Movie Theaters: These were sites of many stand-ins. While theaters were still segregated, blacks were permitted to stand in line, however when they reached the front of the line they were denied tickets. When this would happen, after they were denied entrance to the showing, they would move to the back of the line and request a ticket purchase again.
Department Stores: We visited Harvey's department store which was the last department store in Nashville to integrate their fitting rooms.
The Social Action Theater group walked, together with Kwame, to the State Capitol building. Kwame spoke to us about the first silent march that too place here on April, 1960.
We were back in our element at our next stop. At Moses McKissack Professional Development Middle School we were able to perform several of our SAT skits. The students here really got into our performance and asked some excellent questions.
The silent march was in protest to a bombing incident. Black councilman and outstanding lawyer, Alexander Looby's house was attacked. Looby represented the Freedom riders and sit-in participants.
While at the Capitol building we were introduced to the State Senate as part of their delegation. Both Kwame and Bob spoke to the Senate gathering.
The Nashville Public Library was up next. After a great tour of the building we were able to speak with people about their thoughts on the Civil Rights Movement that happened here.Our final stop at the library was a wing that was dedicated entirely to the Civil Rights Movement events-- a special room, in particular.
Fisk University was up next where we had lunch in Jubilee Hall and listened to a special Civil Rights guest speaker.
After visiting Fisk University, our trip continued to Meharry Medical College.
Meharry Medical College was founded by Samuel Meharry. A man who wanted to return the generosity he received from Nashville. Meharry has a Methodist foundation that started helping the poor and underprivileged. The college still conducts a significant amount of research on diseases that tend to affect minorities. This college was a professional school, not an undergraduate degree school but it was more than just a medical college with it's multiple schools-- schools of Medicine, Dentistry, Oral Studies, Allied Health Professionals-- the physicians at the college gave medical help to Nashville students who were involved in the Freedom Rides and sit-ins.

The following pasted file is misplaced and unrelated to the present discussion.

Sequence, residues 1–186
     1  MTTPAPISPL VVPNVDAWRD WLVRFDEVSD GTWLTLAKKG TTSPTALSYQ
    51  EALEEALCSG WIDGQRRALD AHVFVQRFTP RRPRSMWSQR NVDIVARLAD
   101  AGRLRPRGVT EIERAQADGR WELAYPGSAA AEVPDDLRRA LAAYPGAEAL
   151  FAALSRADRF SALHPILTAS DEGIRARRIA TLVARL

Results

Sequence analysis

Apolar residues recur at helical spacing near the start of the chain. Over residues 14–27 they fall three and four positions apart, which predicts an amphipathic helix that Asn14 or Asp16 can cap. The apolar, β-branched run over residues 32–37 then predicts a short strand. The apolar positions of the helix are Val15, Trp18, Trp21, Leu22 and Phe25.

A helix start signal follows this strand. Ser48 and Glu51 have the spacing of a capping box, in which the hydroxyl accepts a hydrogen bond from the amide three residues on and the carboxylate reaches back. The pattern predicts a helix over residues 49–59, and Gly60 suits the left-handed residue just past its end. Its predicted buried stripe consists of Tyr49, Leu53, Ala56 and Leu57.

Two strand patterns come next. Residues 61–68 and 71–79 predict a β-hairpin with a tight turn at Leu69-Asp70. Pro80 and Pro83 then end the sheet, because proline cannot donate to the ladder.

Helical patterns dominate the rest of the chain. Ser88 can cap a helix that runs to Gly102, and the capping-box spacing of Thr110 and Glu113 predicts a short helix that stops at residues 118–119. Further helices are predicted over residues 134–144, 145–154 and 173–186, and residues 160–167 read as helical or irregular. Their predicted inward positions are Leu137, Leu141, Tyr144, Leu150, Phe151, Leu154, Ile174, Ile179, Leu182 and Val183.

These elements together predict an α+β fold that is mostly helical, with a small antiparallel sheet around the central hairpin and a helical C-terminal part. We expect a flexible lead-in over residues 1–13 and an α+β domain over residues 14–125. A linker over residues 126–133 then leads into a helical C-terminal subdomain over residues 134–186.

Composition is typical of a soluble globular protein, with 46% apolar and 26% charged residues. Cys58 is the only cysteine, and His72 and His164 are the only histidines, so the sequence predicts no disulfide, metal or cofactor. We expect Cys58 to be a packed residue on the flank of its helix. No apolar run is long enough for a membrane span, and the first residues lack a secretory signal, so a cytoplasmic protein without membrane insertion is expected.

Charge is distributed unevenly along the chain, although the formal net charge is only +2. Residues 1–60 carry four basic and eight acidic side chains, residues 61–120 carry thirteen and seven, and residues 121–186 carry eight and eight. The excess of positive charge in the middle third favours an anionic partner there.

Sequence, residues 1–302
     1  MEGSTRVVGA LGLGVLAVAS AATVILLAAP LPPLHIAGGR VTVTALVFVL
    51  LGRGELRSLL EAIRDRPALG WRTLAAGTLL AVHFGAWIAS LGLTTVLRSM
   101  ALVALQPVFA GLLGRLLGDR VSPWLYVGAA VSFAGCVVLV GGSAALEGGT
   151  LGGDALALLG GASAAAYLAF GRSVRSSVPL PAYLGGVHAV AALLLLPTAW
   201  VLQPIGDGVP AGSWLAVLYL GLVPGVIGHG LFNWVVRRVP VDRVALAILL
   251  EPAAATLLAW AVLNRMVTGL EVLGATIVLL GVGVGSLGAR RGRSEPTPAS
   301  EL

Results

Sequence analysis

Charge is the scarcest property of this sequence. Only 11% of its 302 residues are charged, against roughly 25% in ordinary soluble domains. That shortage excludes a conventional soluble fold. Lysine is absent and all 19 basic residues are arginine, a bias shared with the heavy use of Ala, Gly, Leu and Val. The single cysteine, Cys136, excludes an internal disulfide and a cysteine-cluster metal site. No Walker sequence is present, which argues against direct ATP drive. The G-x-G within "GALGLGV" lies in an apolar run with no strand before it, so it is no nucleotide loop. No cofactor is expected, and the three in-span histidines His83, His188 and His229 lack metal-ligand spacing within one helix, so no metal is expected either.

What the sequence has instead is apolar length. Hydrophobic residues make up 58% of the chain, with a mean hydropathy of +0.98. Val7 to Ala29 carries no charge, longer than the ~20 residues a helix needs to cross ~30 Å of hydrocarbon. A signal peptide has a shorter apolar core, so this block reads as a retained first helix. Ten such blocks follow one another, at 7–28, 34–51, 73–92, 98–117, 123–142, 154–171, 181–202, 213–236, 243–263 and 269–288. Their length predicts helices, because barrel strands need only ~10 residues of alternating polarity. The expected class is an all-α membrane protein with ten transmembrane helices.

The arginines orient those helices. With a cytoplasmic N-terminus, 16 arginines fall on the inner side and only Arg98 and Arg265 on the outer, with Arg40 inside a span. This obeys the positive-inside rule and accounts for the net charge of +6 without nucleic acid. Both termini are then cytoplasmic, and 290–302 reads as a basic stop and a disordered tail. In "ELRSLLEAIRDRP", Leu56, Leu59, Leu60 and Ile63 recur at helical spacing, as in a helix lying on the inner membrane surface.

We headed back to TSU to listen to another historian where we learned some more interesting things about what went on here more than 40 years ago.
Here are some of the highlights from this speaker:
The Civil Rights Movement goes back to the Civil War
Tennessee had 40% of the black troops in the union army
Winter, 1959 Civil Rights Movement started
November 1959, students grew tired of practicing sit-ins
February 1, 1960 Greensboro first spontaneous sit-ins
February 13, 1960 Nashville sit-in
March 10, 1960 Nashiville became the first integrated city
19 Jim Crowe States-- not all of these states were southern ones
The last college we visited in Nashville was American Baptist College, Kwame and Delorse accompanied us for this trip as well.
After a very busy visit in Nashville, we headed down to Huntsville, Alabama.
Here, two American Baptist College Seniors spoke to us, encouraging everyone to become the best person you can be so that you can help others.
Ms. Janet Wold, a civil rights historian, also gave a speech showing us another perspective on the Civil Rights Movement. Bob, Kwame, Delorse and the ABC President spoke to us, as well.
First up was Oakwood University for dinner.
Oakwood University (also known as Oakwood Industrial School, Oakwood Instructional School, Oakwood Jr. College, Oakwood Sr. College) began in 1896 with 16 students enrolled. It was started by a slave after the civil war where the first graduating class was 500 students.
One of the speaker's here was Sonnie Hereford. Sonny was a major player in the integration, his son was the first child to integrate into a white school in Alabama. The previous school was six miles from their home. It was surrounded by the city dump and had no science labs, library, gym or cafeteria.
Sonnie organized on the first sit-ins which was put on after he requested the mayor integrate lunch counters, restrooms, and drinking fountains-- his request was turned down. This lead to the Easter Boycott.
The process this boycott took was that the Banks let money to businesses to buy stock and merchandise but if they were to boycott them, the merchants would lose money and would be forced to integrate their facilities.
It was agreed upon to have a sort of integration trial period. The trial period would start July 9th and run through July 11th. Official integration started on July 11th with lunch counters followed by the schools.